The purpose of this phenomenological study was to explore the experiences of 15 Latina lesbian students and their perceived sexual identity development at a predominately Hispanic-serving Institution (HSI). Participants for this study were purposefully selected using criteria, convenience, and snowball sampling.
Using a conceptual framework comprised of the four tenets consistent across the spectrum of all sexual identity development models, participants’ experiences were described, analyzed, and interpreted to inform the study. Data were collected through individual face-to-face interviews, using an interview protocol, and were analyzed using inductive, deductive, and comparative analyses.
Three themes emerged during the inductive analysis: (a) the trifecta: family, religion and gender, (b) the paradox of being Latina and lesbian, and (c) institutional care. In the deductive analysis, a rubric of a priori codes was derived from their (a) cultural perspectives, (b) identity awareness, and the four tenets sexual minorities consistently experience which included: (c) alienation, (d) social exclusion, (e) disclosure, and (f) self-acceptance of a non-heterosexual identity. The deductive analysis confirmed that participants’ experiences and perceived levels of sexual identity development were determined by the challenge or support they received from family, peers, and their Hispanic-serving institution overall. The comparative analysis revealed an overlap of the inductive and deductive themes. Among 15 participants, the inductive themes of (a) the trifecta: family, religion and gender, (b) the paradox of being Latina and lesbian, and (c) institutional care were present in all segments of the deductive analysis.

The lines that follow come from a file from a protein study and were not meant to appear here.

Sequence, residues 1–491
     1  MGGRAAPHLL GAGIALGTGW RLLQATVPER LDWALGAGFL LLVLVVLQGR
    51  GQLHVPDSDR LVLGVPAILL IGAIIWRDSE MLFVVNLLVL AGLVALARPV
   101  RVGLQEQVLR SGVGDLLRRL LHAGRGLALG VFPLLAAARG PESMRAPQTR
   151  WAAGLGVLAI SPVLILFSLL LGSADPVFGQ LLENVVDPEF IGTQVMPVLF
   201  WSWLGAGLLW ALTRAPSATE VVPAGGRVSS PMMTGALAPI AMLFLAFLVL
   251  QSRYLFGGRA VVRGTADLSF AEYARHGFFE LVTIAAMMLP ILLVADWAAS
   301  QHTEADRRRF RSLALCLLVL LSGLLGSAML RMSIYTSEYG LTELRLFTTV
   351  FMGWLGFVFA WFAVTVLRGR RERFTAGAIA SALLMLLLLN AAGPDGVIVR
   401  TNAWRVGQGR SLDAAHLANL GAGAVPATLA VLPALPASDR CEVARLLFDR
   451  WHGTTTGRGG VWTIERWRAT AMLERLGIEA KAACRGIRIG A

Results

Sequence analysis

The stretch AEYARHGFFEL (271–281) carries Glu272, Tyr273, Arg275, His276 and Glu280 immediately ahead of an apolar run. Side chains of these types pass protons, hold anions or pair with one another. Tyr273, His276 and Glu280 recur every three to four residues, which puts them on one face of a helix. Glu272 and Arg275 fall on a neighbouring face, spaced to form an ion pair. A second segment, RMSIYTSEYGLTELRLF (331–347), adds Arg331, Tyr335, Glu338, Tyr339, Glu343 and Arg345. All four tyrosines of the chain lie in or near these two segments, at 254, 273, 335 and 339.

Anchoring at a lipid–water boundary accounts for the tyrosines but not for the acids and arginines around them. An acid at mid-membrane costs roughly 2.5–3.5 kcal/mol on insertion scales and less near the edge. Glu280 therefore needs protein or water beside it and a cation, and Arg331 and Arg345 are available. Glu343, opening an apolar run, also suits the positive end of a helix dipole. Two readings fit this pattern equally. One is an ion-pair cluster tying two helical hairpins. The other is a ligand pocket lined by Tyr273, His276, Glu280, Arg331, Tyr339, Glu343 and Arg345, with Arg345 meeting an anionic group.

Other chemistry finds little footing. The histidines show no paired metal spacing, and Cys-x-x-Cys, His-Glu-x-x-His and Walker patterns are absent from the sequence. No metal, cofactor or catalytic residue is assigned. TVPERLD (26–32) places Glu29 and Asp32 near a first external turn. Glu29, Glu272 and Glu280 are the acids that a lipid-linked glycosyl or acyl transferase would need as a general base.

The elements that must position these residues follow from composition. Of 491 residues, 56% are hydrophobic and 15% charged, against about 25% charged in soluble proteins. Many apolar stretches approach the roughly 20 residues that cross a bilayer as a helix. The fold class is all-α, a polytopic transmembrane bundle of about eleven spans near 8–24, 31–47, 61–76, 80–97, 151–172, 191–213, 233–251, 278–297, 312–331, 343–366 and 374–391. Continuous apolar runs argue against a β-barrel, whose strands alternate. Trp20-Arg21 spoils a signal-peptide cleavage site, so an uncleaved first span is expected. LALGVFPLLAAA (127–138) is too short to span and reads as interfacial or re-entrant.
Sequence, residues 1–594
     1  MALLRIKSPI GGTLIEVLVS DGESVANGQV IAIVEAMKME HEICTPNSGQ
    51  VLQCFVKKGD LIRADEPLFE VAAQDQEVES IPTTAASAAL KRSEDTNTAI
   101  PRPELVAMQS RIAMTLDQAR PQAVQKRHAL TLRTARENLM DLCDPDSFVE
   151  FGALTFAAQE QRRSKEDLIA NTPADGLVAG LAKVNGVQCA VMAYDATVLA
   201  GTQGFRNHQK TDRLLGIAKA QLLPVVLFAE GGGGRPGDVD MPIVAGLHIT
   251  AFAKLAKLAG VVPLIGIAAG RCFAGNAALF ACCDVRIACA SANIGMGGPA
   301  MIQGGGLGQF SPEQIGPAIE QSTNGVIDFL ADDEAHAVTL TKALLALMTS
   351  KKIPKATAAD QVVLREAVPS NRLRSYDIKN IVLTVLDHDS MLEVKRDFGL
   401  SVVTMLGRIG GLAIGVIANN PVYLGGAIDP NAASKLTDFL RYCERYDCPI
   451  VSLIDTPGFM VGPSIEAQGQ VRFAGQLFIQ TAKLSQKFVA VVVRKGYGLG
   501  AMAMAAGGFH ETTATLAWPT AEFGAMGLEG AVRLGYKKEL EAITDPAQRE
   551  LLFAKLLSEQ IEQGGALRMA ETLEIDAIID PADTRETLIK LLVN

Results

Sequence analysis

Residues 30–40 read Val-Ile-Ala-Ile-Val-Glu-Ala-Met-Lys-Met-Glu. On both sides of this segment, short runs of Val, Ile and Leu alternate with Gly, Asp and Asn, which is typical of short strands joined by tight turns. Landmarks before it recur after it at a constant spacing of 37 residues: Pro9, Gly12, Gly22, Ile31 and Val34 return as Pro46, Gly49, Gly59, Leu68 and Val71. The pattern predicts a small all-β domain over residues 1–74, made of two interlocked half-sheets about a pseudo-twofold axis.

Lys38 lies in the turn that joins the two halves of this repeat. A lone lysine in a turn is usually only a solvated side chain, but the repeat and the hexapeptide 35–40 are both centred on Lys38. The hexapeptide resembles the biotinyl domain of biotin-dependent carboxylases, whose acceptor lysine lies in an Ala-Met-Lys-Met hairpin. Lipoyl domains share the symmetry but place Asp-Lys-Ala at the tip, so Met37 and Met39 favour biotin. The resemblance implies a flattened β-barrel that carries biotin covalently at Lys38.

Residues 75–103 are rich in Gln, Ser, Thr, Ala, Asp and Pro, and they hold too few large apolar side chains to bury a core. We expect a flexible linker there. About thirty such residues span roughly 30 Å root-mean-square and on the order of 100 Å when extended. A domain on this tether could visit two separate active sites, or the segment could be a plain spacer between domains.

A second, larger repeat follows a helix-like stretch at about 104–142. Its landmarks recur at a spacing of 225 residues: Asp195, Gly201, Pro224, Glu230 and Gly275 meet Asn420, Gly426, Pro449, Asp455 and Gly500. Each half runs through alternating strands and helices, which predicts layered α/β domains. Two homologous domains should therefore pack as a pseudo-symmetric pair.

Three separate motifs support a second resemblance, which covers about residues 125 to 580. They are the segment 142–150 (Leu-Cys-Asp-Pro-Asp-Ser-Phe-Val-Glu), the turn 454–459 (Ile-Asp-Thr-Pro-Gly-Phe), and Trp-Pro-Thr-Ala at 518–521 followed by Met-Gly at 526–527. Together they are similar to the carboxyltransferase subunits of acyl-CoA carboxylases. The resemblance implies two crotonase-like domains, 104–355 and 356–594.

The findings highlighted the complex and challenging experiences of Latina lesbians as they attempt to navigate their intersections of sexuality, gender, and culture in the context of higher education. The study makes a critical contribution to understanding the experiences and sexual identity development of Latina lesbian students at an HSI. The study concluded that while Latina lesbian students struggle to reconcile their Latina and lesbian identities, their experiences at a HSI can be a source of challenge or support in their overall well-being and identity development.